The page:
OKLAHOMA CITY - Gov. Brad Henry said Wednesday he would not sign anti-abortion legislation similar to a measure he vetoed last month but would allow it to become law without his signature.
"This bill addresses several of the issues that led me to veto an earlier measure," Henry said. "Unlike its predecessor, Senate Bill 139 provides exemptions for cases of rape and incest, and it includes language that allows for a physician to discuss options with his or her patient."
The measure bars state funds and resources from being used to perform abortions in the state. Some physicians claimed it would effectively prevent uninsured and underinsured women with troubled pregnancies from receiving medically qualified abortions.
Under the Oklahoma Constitution, a bill approved by the Legislature automatically becomes law after five days if the governor declines to take action on it.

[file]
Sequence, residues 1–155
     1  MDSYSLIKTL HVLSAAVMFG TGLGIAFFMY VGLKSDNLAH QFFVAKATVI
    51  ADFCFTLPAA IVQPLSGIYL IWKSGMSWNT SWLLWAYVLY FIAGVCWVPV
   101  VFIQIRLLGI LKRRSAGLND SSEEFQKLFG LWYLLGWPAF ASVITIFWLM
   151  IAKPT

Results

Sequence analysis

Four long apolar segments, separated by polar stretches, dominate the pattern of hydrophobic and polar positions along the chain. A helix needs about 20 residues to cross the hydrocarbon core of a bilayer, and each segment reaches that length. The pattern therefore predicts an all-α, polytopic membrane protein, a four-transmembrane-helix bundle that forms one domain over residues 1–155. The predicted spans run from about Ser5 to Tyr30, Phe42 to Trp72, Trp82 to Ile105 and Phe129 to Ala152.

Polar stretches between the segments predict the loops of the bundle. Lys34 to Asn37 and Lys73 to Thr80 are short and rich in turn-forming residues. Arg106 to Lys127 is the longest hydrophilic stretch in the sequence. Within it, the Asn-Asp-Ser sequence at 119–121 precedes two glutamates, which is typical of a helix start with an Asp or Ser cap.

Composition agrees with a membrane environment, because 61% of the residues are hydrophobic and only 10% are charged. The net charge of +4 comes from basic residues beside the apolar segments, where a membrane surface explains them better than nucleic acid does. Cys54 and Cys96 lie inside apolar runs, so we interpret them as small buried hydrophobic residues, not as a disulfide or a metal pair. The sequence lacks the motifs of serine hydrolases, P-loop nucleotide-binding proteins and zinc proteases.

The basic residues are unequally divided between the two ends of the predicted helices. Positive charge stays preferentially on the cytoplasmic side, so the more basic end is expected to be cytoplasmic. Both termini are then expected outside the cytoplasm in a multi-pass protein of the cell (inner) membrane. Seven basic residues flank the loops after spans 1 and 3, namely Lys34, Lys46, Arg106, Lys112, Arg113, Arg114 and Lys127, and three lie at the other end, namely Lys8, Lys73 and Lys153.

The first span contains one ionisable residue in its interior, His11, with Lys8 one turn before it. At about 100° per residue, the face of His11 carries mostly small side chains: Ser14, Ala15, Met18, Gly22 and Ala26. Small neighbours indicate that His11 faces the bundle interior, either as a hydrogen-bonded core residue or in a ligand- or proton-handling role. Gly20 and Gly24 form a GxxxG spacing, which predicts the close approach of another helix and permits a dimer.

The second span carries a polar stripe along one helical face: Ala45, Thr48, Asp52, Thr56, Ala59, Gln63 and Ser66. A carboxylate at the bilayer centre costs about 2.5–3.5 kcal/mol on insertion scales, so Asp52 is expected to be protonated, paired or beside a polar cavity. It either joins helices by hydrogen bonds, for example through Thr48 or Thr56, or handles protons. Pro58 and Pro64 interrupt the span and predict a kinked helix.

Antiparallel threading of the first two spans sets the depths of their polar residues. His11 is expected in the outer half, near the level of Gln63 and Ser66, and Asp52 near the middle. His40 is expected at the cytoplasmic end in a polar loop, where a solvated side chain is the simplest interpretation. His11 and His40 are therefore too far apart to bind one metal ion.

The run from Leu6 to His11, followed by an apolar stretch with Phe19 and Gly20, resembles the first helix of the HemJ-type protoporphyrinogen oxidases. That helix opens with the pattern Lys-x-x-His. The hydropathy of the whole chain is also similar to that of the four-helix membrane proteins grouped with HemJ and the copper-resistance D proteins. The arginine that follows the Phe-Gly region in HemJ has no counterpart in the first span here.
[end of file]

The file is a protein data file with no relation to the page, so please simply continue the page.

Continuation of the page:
Henry said the latest anti-abortion measure had not fixed all of the problems in the previous bill.
"Specifically, it still fails to provide exemptions for instances in which a lethal birth defect means there is no possibility of a fetus' survival," the governor said. "A woman should not be forced to carry a fetus to full term when there is no possibility that the fetus can survive outside the womb.
Henry urged supporters of the bill to work with the medical community and others to address the lethal birth defect issue in the next legislative session.